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I am a mathematician, recently returned home to Malaysia after a decade or so in the United States.

I had experienced for myself the pain of the US academic job search in snagging my postdoc. Now I am on the "other side", so to speak. My institution, Xiamen University Malaysia, is brand new and growing fast, so we need to hire a lot of mathematicians.

From my time in the States, I know there are many brilliant, hard-working people with excellent research records who cannot get permanent academic positions in the west due to the scarcity of jobs. I think my institution would provide an excellent opportunity for them. Obviously we cannot offer the same financial package a western university can, and I'm sure it is difficult for a lot of job candidates to consider a move across the world, but it is reasonable for the cost of living, and we teach in English and offer a teaching load that is conducive to research. I think it would be reasonable for a western-based job candidate to at least consider us.

My question is, how do we get the word out in the west? The obvious solution is Mathjobs.org for the US, but we don't have the budget for advertising there. I have emailed hundreds of department heads in the US and Europe, but I doubt many of those emails got forwarded. Are there any other avenues to try?

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    An ad on MathJobs is as low as US$300, and it might be worth asking for a discount; the AMS offers developing-country discounts for lots of its other services. By contrast, in order to even interview a candidate from Europe or North America, you're going to have to pay their travel expenses from a third of the way around the world - easily five times the cost of the ad, per candidate. If you can't afford the ad, how do you plan to afford the the travel expenses? – Nate Eldredge Feb 28 '17 at 2:03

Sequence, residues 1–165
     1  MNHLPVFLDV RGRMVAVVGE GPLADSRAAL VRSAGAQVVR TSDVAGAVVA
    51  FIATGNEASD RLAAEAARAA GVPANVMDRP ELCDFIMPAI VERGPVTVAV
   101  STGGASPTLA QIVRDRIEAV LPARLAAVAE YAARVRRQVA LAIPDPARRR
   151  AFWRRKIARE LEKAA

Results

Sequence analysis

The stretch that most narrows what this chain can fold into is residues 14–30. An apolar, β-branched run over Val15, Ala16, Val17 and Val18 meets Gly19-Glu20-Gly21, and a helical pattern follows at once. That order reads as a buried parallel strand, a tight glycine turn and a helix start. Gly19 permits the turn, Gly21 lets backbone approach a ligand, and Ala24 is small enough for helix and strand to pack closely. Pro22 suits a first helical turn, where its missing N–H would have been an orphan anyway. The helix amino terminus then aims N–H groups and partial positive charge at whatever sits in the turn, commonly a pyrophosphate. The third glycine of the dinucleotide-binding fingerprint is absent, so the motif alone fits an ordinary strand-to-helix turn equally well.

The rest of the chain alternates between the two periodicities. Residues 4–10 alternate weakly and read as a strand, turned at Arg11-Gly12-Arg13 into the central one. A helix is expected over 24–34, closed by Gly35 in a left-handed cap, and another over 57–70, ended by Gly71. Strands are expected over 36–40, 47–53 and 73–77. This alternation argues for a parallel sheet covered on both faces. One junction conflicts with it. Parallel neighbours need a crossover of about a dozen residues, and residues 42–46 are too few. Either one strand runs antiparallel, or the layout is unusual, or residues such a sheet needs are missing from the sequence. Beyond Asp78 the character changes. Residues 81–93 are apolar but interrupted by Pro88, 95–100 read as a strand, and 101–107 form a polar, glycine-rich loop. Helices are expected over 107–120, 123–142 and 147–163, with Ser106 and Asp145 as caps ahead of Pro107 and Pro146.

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    @DarrenOng: It seems that your search is being hampered by totally illogical bureaucratic constraints. This makes the question seem uninteresting to people in general and only of interest to you. Stackexchange is designed to be a forum for sharing questions and answers in situations where the answers are of interest to people in general, not just the person asking. – Ben Crowell Feb 28 '17 at 2:27
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    @Ben Crowell Fair point, but I contend that there are a lot of up-and-coming research institutions in Asia that would be interested in exploiting the large academic applicant pool in the west. Not all of them would use mathjobs for various reasons (e.g., perhaps their jobs are not in mathematics). I contend that for this reason my question is of broad interest. – Darren Ong Feb 28 '17 at 2:30
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    @DarrenOng - presence of stupid bureaucratic constraints is one of those things that makes a job much less attractive in general. Knowing that your department is unable to spend a relatively small amount of money on advertising makes me wonder what other stupid bureaucratic constraints I would have to put up with were I to work in your department. This is not a negligible factor, especially since it reinforces a (usually unfair) stereotype of universities in developing countries as being saddled with inefficient and corrupt bureaucracies. – Alexander Woo Feb 28 '17 at 2:40
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    @DarrenOng - Let me suggest: (1) If hiring talented Western staff is important to you, these kinds of bureaucratic obstacles should be priorities for the limited amount of power you have. (2) If you have no power at all, this bodes poorly for your hiring and retention b/c most Western academics want to be citizens and not only employees of their universities, and they already come in with a disadvantage since they don't know how to get things done in your culture. There are reasons why even NUS or HKU have relatively few Western faculty - and for them, it's certainly not the pay. – Alexander Woo Feb 28 '17 at 3:33
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Try conferences. I'm not in math but in my field most of the job news comes via conferences and academic societies.

It helps if the jobs are for specific subfields, so you can advertise them to the smaller conferences/societies for those subfields.

You may also try focusing on conferences/societies outside of the US, like Australia, NZ, Canada (e.g. Canadian Mathematical Society). Jobs in smaller countries like Canada are harder to come by and people on the market might appreciate seeing other non-US options.

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